Louise Myrback, Julia Stiles, Chelsea Field, William R. Moses, Vanessa Zima, Patrick Muldoon, Casey Rion, Linda Hart, Patrick McTavish, Connie Blankenship, Venessa Verdugo, Michael Parks, Kyle Sabihy, Sterling Macer
In the early 2000s, I was writing reviews for an outfit called Apollo Guide Reviews. That website has since been closed down.
Attempting to reconstruct those reviews has been an exercise in frustration. Having sent them to Apollo Guide via email on a server I no longer have access to (and which probably doesn’t have records going back that far), my only option was to dig through The Wayback Machine to see if I could find them there. Unfortunately, while I found a number of reviews, a handful of them have disappeared into the ether. At this point, almost two decades later, it is rather unlikely that I will find them again.
Luckily, I was able to locate my original review of this particular film. Please note that I was not doing my own editing at the time, Apollo Guide was. As such, there may be more than your standard number of grammatical and spelling errors in this review. In an attempt to preserve what my style had been like back then, I am not re-editing these reviews, which are presented as-is.
In Wicked, a suburban housewife is the victim of a brutal murder and the police aren’t sure who did it. These are the makings of an interesting film about a family whose secrets are as deep as their relationships.
Ellie Christianson (Julia Stiles) threatens daily to run away from home, but always returns hours later. She can’t seem to pull herself away from her overbearing mother (Chelsea Field), because she loves her father (Billy Moses) too much. She doesn’t even want to leave her little sister (Vanessa Zima). But she’s a blossoming teenager and her mother just doesn’t seem to understand her.
One day, after the girls have headed off to school, Mrs. Christianson is attacked and killed. Detective Boland (Michael Parks) is trying to solve the case and immediately jumps to conclusions over who might have committed this gruesome crime. When the family finally settles down after the traumatic death, Ellie begins to take on an uncanny mother-like role and she even seems to be trying to seduce her father.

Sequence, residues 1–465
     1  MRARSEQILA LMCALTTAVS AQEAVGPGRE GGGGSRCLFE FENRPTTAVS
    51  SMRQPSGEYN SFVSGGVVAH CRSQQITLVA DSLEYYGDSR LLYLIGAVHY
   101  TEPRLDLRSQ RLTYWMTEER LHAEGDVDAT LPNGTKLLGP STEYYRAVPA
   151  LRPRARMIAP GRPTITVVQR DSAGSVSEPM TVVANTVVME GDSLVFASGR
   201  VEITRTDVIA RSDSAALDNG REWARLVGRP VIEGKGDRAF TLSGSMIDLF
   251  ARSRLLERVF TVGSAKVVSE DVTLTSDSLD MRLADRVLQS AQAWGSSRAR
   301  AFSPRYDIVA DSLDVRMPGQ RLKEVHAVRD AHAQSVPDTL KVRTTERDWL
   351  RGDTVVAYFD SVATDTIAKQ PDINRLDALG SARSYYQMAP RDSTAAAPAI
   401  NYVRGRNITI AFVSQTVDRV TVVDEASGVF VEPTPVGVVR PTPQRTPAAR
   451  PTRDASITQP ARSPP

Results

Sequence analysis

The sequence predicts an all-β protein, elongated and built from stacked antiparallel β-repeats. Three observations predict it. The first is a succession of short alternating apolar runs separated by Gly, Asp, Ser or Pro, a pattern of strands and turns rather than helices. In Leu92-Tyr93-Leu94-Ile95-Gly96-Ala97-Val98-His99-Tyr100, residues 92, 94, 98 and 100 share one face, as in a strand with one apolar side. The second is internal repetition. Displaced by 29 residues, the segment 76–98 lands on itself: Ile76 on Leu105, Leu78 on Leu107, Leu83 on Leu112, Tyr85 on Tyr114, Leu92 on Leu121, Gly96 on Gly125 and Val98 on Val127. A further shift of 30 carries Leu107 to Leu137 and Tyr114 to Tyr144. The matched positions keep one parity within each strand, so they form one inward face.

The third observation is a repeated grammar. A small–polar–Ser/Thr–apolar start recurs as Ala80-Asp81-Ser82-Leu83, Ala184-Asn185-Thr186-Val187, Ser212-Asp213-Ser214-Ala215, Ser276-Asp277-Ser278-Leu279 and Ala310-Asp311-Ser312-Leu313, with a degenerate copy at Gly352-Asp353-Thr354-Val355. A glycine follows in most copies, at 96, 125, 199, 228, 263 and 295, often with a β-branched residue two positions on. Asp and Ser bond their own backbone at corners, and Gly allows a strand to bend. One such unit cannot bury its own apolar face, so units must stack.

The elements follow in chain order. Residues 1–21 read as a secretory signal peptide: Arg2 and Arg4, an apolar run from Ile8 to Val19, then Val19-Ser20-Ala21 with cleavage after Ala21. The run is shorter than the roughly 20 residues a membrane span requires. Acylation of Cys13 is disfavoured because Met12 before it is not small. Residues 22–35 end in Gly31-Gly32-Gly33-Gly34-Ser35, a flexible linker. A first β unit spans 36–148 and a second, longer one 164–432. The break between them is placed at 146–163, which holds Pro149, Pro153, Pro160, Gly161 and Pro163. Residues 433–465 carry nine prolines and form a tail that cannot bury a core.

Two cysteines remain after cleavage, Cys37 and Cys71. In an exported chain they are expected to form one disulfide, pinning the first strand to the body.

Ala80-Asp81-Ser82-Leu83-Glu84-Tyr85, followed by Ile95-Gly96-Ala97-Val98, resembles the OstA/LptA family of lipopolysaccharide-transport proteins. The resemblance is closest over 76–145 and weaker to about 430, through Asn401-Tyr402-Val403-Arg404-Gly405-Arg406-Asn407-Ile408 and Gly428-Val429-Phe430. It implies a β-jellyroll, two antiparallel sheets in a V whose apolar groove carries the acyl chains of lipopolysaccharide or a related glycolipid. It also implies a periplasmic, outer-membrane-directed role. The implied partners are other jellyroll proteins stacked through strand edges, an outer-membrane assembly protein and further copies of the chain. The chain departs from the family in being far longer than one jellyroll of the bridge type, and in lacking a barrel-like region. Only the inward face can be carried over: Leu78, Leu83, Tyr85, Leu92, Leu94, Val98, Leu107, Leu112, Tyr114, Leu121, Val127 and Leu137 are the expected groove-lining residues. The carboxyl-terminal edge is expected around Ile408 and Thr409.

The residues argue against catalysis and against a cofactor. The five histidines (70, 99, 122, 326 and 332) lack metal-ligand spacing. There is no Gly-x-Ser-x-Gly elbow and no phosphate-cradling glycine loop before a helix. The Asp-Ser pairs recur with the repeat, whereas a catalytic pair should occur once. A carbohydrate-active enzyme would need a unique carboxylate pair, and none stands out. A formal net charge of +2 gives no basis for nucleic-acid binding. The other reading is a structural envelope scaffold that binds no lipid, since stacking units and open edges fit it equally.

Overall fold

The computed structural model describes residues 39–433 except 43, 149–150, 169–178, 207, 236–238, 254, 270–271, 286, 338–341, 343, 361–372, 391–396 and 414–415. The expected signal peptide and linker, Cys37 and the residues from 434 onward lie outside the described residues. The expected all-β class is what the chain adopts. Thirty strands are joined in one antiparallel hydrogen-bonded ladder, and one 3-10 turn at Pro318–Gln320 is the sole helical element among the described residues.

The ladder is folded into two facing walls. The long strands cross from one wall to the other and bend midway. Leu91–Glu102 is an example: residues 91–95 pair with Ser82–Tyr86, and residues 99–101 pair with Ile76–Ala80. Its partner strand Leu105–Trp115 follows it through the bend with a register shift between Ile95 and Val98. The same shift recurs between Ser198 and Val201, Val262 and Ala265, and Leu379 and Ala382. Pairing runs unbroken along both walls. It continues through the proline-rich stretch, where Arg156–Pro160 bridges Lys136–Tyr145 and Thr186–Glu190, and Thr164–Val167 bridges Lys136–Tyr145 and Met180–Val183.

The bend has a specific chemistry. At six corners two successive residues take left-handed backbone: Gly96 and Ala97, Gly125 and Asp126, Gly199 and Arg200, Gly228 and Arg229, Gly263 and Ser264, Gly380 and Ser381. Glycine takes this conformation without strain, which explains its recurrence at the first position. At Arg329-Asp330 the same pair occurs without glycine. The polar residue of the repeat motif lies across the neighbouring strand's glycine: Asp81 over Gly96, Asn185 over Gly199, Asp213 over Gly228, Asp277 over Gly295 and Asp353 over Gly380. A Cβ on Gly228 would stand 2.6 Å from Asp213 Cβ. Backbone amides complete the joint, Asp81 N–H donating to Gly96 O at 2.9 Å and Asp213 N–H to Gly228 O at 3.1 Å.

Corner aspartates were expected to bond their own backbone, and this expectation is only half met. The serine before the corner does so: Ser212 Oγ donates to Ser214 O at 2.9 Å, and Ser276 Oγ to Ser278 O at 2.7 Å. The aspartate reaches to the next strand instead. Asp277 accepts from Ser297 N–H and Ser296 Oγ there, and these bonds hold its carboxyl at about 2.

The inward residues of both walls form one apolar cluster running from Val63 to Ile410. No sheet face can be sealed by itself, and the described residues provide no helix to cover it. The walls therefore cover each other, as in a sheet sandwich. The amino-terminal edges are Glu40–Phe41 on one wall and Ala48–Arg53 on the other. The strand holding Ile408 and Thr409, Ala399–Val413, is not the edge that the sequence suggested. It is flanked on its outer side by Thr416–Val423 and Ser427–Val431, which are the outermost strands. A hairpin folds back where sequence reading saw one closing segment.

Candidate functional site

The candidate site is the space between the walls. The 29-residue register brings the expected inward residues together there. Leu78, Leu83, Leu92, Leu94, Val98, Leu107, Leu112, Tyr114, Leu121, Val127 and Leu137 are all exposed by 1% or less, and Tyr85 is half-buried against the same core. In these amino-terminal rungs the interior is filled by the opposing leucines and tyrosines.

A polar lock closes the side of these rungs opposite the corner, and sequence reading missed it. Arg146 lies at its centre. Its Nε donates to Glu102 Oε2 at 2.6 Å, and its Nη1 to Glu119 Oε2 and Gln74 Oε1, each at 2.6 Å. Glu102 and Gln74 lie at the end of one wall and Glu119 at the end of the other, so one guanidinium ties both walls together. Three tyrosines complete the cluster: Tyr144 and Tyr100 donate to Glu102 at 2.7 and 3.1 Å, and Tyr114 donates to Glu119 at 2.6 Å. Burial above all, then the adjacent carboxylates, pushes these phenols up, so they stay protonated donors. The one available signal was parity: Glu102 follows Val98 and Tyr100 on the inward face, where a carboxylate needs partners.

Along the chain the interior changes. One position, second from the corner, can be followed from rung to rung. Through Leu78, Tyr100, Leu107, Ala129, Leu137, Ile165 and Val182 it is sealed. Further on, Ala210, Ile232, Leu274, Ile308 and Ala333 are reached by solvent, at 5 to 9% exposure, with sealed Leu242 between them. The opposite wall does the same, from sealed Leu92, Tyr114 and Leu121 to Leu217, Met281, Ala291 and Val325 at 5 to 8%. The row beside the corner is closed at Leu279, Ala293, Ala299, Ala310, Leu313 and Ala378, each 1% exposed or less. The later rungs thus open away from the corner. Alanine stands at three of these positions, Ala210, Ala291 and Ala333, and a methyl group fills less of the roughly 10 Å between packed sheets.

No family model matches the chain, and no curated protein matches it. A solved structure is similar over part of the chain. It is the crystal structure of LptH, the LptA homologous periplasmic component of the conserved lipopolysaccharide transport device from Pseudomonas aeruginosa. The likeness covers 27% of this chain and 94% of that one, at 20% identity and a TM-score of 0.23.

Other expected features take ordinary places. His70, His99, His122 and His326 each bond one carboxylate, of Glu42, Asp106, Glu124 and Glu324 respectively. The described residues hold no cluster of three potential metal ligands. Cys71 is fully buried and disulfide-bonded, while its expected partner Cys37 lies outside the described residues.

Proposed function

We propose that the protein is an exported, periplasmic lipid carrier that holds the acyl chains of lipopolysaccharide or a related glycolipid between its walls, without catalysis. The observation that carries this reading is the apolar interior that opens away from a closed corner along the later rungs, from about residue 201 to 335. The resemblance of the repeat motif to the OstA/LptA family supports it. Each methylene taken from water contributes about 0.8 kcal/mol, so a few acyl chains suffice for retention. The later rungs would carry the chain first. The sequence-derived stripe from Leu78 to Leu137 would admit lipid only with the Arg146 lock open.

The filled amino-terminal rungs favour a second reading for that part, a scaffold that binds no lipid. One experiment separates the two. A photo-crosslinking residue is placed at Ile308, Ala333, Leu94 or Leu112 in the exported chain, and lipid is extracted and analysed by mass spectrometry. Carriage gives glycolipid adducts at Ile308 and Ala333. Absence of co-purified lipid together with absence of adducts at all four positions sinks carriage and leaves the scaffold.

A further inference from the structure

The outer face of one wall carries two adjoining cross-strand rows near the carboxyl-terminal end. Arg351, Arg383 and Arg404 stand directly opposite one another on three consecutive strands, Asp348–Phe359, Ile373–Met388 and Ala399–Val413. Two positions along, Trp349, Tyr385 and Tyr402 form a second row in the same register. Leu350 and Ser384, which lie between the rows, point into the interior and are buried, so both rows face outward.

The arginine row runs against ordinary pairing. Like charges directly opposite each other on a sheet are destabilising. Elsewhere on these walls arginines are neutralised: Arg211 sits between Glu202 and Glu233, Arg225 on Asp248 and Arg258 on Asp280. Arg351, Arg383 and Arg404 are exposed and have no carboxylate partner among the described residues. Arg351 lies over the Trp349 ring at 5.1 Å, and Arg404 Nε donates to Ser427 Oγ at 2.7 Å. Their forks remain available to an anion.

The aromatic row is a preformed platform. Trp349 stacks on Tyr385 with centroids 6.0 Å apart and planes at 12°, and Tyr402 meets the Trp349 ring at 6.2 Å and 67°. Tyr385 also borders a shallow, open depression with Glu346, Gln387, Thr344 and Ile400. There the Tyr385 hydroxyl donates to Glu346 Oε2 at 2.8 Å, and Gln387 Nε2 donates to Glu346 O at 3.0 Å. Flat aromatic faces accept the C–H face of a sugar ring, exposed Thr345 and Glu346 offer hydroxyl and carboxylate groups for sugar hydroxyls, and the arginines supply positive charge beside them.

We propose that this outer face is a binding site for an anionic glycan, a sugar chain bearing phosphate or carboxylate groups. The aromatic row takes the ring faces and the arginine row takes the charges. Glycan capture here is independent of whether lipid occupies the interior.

From there, the film tries to add more fuel to an already disturbingly hot fire, as the father begins dating another woman, much to Ellie’s chagrin. In rebellion, she plans to leave, but as she’s done so many times in the past, she returns home without having gone even so far as saying a word of goodbye.
Much like the little girl with a curl in Mother Goose’s poem, when Ellie is good, she’s very, very good, but when she’s bad, she’s horrid. Stiles embodies the coming-of-age teenager while simultaneously capturing the comely seductress. Moses and Field are rather two-dimensional, but Zima does quite well considering her inexperience and young age and. Parks is annoying and, while Muldoon brings a sexy abandon to his performance, he never brings the character to full realization.
Wicked’s plot is rather unusual and provides for an interesting set of scenes leading to an otherwise predictable conclusion, but what really makes this film work is that the filmmakers appear to know that it’s not going to be the best in the world and they don’t seem to mind a whole lot.
Director Michael Sternberg is not at fault for the film’s predictability, as the basic premise and the script make that pretty much inevitable; however Sternberg does show decent style and his camera knows when to stay still and when to move. It may not be the most glossy of films, but at least it tries to meet its audience’s expectations.
Wicked does have its charms, but it also has significant weaknesses. It’s not the kind of film you find succeeding at the box-office, but with the right audience, it could at least be a sleeper hit on video.
September 23, 2001